The Fall of Troy
Page: 5So spake Eetion's lovely-ankled child
Low to her own soul, thinking on her lord.
So evermore the faithful-hearted wife
Nurseth for her lost love undying grief.
Then in swift revolution sweeping round
Into the Ocean's deep stream sank the sun,
And daylight died. So when the banqueters
Ceased from the wine-cup and the goodly feast,
Then did the handmaids spread in Priam's halls
For Penthesileia dauntless-souled the couch
Heart-cheering, and she laid her down to rest;
And slumber mist-like overveiled her eyes [depths
Like sweet dew dropping round. From heavens' blue
Slid down the might of a deceitful dream
At [Pallas]' hest, that so the warrior-maid
Might see it, and become a curse to Troy
And to herself, when strained her soul to meet;
The whirlwind of the battle. In this wise
The Trito-born, the subtle-souled, contrived:
Stood o'er the maiden's head that baleful dream
In likeness of her father, kindling her
Fearlessly front to front to meet in fight
Fleetfoot Achilles. And she heard the voice,
And all her heart exulted, for she weened
That she should on that dawning day achieve
A mighty deed in battle's deadly toil
Ah, fool, who trusted for her sorrow a dream
Out of the sunless land, such as beguiles
Full oft the travail-burdened tribes of men,
Whispering mocking lies in sleeping ears,
And to the battle's travail lured her then!
But when the Dawn, the rosy-ankled, leapt
Up from her bed, then, clad in mighty strength
Of spirit, suddenly from her couch uprose
Penthesileia. Then did she array
Her shoulders in those wondrous-fashioned arms
Given her of the War-god. First she laid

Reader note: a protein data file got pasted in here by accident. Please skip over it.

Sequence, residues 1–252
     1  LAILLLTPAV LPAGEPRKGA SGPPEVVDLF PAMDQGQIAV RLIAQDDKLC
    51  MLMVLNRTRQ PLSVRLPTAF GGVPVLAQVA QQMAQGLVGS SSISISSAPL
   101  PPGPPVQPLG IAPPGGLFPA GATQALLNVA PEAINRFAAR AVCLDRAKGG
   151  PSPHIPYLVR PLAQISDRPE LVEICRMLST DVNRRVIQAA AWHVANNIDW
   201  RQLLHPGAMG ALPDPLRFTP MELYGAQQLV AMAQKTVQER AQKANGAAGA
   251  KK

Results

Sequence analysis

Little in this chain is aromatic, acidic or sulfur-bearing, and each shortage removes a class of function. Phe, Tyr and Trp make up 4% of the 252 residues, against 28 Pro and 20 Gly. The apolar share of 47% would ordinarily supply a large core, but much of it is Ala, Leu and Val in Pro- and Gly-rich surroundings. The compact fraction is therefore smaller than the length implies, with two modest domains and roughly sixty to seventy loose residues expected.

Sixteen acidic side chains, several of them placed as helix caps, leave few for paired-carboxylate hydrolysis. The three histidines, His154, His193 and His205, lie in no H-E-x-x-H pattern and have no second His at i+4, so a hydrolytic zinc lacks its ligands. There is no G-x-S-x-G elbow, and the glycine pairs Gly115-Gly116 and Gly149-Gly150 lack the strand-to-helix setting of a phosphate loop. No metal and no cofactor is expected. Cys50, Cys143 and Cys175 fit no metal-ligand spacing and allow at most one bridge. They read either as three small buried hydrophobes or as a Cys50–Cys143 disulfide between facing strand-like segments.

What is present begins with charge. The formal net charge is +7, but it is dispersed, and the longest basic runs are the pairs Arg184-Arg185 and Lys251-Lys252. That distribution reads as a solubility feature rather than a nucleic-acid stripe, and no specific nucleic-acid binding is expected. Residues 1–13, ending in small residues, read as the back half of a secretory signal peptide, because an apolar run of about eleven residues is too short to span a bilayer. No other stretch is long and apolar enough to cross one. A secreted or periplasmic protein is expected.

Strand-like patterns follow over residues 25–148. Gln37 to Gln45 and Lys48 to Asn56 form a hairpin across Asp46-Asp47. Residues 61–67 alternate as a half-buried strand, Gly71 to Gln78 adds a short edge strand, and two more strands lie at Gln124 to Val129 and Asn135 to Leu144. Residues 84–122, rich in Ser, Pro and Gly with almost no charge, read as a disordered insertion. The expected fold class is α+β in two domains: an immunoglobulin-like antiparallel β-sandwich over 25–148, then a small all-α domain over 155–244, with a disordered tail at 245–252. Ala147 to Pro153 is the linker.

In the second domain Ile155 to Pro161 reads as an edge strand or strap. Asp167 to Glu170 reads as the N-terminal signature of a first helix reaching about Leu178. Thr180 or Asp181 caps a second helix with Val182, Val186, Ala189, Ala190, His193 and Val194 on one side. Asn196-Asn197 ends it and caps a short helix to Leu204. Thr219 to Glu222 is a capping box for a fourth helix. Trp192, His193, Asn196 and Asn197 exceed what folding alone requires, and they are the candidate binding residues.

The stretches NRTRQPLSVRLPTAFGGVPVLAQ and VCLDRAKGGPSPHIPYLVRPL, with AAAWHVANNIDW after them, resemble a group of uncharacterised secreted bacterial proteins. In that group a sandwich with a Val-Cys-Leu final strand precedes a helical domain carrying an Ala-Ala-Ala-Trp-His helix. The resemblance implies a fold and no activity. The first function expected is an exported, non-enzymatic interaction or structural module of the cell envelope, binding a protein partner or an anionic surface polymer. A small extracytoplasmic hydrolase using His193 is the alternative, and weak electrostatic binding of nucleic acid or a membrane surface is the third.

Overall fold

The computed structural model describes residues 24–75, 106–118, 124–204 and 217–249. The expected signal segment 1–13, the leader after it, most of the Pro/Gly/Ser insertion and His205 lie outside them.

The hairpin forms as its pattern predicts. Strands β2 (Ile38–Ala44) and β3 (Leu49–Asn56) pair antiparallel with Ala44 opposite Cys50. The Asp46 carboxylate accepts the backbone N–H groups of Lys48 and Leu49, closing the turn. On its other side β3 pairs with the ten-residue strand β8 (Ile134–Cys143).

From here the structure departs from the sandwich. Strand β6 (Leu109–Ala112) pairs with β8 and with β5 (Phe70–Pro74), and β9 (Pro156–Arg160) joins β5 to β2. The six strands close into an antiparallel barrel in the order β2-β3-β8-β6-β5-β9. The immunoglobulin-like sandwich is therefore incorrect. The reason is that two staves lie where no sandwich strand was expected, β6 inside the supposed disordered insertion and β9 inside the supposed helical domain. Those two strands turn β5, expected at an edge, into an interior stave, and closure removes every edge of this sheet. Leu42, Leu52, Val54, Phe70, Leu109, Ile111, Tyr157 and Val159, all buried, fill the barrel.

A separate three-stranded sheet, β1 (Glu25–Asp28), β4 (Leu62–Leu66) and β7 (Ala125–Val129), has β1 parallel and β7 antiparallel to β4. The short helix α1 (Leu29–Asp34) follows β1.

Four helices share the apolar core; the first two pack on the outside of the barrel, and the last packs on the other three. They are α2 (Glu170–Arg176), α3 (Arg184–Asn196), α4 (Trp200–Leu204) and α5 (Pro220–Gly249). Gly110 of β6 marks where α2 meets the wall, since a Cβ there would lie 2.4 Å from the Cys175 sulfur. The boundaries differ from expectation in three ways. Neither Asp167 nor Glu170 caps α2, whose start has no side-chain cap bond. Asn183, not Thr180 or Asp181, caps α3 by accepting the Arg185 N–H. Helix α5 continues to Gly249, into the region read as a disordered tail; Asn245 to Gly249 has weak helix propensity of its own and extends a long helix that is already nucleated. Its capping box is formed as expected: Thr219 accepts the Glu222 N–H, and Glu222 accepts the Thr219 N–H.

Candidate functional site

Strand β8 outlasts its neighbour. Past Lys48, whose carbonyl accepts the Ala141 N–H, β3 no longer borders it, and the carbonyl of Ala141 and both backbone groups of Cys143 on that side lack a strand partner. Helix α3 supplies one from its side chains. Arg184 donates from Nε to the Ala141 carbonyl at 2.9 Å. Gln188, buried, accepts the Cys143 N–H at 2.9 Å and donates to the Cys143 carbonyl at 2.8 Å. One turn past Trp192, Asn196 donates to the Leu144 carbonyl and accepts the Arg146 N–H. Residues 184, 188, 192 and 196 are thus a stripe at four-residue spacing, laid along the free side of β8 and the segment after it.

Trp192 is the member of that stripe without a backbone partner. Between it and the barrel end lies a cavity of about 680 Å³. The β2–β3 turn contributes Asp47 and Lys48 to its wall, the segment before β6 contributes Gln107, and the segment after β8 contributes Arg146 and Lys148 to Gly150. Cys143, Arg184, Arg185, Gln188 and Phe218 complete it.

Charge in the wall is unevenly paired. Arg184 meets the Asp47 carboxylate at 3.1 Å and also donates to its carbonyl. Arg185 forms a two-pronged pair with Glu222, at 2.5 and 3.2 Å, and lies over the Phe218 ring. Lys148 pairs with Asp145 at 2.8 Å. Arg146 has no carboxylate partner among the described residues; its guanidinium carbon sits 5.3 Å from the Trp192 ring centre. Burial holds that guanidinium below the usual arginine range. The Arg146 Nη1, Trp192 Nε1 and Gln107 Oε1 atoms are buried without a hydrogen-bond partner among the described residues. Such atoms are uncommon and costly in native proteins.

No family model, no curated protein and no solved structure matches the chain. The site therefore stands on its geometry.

Beneath her silver-gleaming knees the greaves
Fashioned of gold, close-clipping the strong limbs.
Her rainbow-radiant corslet clasped she then
About her, and around her shoulders slung,
With glory in her heart, the massy brand
Whose shining length was in a scabbard sheathed
Of ivory and silver. Next, her shield
Unearthly splendid, caught she up, whose rim
Swelled like the young moon's arching chariot-rail
When high o'er Ocean's fathomless-flowing stream
She rises, with the space half filled with light
Betwixt her bowing horns. So did it shine
Unutterably fair. Then on her head
She settled the bright helmet overstreamed
With a wild mane of golden-glistering hairs.
So stood she, lapped about with flaming mail,
In semblance like the lightning, which the might,
The never-wearied might of Zeus, to earth
Hurleth, what time he showeth forth to men
Fury of thunderous-roaring rain, or swoop
Resistless of his shouting host of winds.
Then in hot haste forth of her bower to pass
Caught she two javelins in the hand that grasped
Her shield-band; but her strong right hand laid hold
On a huge halberd, sharp of either blade,
Which terrible Eris gave to Ares' child
To be her Titan weapon in the strife
That raveneth souls of men. Laughing for glee
Thereover, swiftly flashed she forth the ring
Of towers. Her coming kindled all the sons
Of Troy to rush into the battle forth
Which crowneth men with glory. Swiftly all
Hearkened her gathering-ery, and thronging came,
Champions, yea, even such as theretofore
Shrank back from standing in the ranks of war
Against Achilles the all-ravager.
But she in pride of triumph on she rode
Throned on a goodly steed and fleet, the gift
Of Oreithyia, the wild North-wind's bride,
Given to her guest the warrior-maid, what time
She came to Thrace, a steed whose flying feet
Could match the Harpies' wings. Riding thereon
Penthesileia in her goodlihead
Left the tall palaces of Troy behind.
And ever were the ghastly-visaged Fates
Thrusting her on into the battle, doomed
To be her first against the Greeks—and last!
To right, to left, with unreturning feet
The Trojan thousands followed to the fray,
The pitiless fray, that death-doomed warrior-maid,
Followed in throngs, as follow sheep the ram
That by the shepherd's art strides before all.
So followed they, with battle-fury filled,
Strong Trojans and wild-hearted Amazons.
And like Tritonis seemed she, as she went
To meet the Giants, or as flasheth far
Through war-hosts Eris, waker of onset-shouts.
So mighty in the Trojans' midst she seemed,
Penthesileia of the flying feet.